14. Inference: The Farmer & His Bride • Apply your inference skills (reading between the lines) and annotate your poem with: • Information you can infer about the farmer. • Information you can infer about the farmer’s bride. • Challenge: • Consider how the presentation of the characters suggests the roles/attitudes of different genders during this era. How does Mew indicate aspects of the farmer’s character and feelings without describing them directly? ‘twasn’t a woman…she runned away’ He speaks in a rural dialect, implying that he is a plain working man.

  15. ANALYSING YOUR POEM Voice Tone Ballad Sonnet Free verse Dramatic monologue Symbolism Alliteration Assonance Juxtaposition Oxymoron S.M.I.L.E Simile Extended Metaphor Personification Rhyming Couplet Enjambment Emotive Language Repetition

  16. Example Answer: Is it any good? Mew uses words like ‘runned’ and ‘her be’ to copy the speech of country people, which gives a sense of place and time, but she doesn’t adhere to it. As the poem progresses she is writing in more poetic ways with phrases like ‘all in a shiver and a stare’. There is a regular pattern to the stanza but she varies it for effect, in line 5 where the line is longer and seems to echo the chase over the uneven countryside. This is emphasised by the use of prepositions ‘over up along across down’ tumbling over each other. When Mew describes the girl (through the farmer’s eyes), she is seen like an animal (perhaps scared or trapped) with her ‘wide brown stare’ and she is hunted down and then imprisoned like an animal. There is no mention, despite the writer being female, of her feelings- but if she was frightened and hesitant before, she will be more so now!

  17. Example Answer: Is it any good? AO1: Read, understand and respond to texts. Students should be able to: • maintain a critical style and develop an informed personal response. • use textual references, including quotations, to support and illustrate interpretations. AO2: Analyse the language, form and structure used by a writer to create meanings and effects, using relevant subject terminology where appropriate. AO3: Show understanding of the relationships between texts and the contexts in which they were written. Mew uses words like ‘runned’ and ‘her be’ to copy the speech of country people, which gives a sense of place and time, but she doesn’t adhere to it. As the poem progresses she is writing in more poetic ways with phrases like ‘all in a shiver and a stare’. There is a regular pattern to the stanza but she varies it for effect, in line 5 where the line is longer and seems to echo the chase over the uneven countryside. This is emphasised by the use of prepositions ‘over up along across down’ tumbling over each other. When Mew describes the girl (through the farmer’s eyes), she is seen like an animal (perhaps scared or trapped) with her ‘wide brown stare’ and she is hunted down and then imprisoned like an animal. There is no mention, despite the writer being female, of her feelings- but if she was frightened and hesitant before, she will be more so now!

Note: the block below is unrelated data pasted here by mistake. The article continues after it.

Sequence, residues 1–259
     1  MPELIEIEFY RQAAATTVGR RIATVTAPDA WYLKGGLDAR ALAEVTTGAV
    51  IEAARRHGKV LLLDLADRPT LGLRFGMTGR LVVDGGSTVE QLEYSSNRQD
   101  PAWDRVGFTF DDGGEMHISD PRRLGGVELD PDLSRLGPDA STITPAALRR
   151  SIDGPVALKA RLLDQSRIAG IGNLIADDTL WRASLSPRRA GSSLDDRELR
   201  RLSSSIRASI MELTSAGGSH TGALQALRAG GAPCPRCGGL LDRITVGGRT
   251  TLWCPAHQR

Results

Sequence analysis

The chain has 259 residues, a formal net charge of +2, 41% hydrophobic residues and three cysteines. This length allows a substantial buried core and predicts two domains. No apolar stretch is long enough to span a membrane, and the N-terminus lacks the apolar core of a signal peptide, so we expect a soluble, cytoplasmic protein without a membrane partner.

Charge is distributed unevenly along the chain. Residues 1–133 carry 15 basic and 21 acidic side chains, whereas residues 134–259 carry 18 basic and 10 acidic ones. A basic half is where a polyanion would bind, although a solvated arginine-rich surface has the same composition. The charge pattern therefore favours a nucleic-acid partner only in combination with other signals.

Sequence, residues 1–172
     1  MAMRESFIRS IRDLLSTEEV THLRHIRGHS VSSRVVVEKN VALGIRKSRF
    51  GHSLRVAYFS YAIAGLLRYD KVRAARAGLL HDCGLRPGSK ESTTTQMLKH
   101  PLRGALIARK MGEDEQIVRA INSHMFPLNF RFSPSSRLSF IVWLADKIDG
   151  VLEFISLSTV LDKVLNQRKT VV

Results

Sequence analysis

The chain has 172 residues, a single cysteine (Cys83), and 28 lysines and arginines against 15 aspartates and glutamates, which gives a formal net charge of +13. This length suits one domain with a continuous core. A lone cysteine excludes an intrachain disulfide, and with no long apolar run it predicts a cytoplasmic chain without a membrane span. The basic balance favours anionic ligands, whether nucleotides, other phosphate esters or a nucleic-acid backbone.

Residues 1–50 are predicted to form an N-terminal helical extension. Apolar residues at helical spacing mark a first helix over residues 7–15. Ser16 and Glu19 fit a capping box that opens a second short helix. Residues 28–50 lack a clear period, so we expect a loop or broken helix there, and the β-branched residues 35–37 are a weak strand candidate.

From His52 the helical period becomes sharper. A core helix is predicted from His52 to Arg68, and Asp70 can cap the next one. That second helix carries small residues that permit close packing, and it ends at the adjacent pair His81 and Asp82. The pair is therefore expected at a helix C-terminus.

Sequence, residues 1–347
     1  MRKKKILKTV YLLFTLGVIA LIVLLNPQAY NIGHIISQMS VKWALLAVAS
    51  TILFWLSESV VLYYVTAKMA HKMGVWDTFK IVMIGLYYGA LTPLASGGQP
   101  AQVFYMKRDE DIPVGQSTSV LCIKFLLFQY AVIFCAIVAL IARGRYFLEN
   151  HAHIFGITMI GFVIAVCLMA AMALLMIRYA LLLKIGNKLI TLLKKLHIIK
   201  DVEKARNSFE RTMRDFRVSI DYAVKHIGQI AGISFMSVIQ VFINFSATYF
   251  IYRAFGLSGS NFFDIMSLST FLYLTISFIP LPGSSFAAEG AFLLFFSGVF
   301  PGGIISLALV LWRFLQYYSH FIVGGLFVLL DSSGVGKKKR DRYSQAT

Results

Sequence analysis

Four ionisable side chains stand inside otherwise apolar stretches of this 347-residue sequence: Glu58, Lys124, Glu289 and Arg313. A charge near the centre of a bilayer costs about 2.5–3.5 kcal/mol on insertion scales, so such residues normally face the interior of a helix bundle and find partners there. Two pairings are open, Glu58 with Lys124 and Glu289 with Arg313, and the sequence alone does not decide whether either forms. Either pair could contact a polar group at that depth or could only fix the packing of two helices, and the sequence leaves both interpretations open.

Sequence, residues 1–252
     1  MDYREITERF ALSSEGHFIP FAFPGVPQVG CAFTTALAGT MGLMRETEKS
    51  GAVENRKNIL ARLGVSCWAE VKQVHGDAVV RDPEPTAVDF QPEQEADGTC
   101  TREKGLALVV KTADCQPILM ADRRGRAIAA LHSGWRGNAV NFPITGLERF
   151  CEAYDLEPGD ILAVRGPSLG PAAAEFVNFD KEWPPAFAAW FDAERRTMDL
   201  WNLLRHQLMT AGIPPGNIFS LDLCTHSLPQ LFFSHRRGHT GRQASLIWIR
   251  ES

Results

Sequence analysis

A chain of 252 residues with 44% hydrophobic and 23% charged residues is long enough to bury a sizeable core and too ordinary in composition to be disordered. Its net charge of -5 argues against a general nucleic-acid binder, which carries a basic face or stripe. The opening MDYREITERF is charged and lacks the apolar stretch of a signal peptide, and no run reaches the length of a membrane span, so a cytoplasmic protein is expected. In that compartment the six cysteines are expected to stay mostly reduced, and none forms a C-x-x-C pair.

18. Reflection: SMILE Paragraph • This suggests… • This infers… The poet was trying to convey • The use of the word… implies that… • The writer wanted to suggest… • The connotations of this word are… Word Bank • Point: Topic sentence with an adjective. • Evidence: Quotation- try to embed it in the sentence. • Explain: Select a keyword- why does it stand out? What is the effect on the reader? • Language Analysis- Analyse what the word suggests & how it links back to the adjective.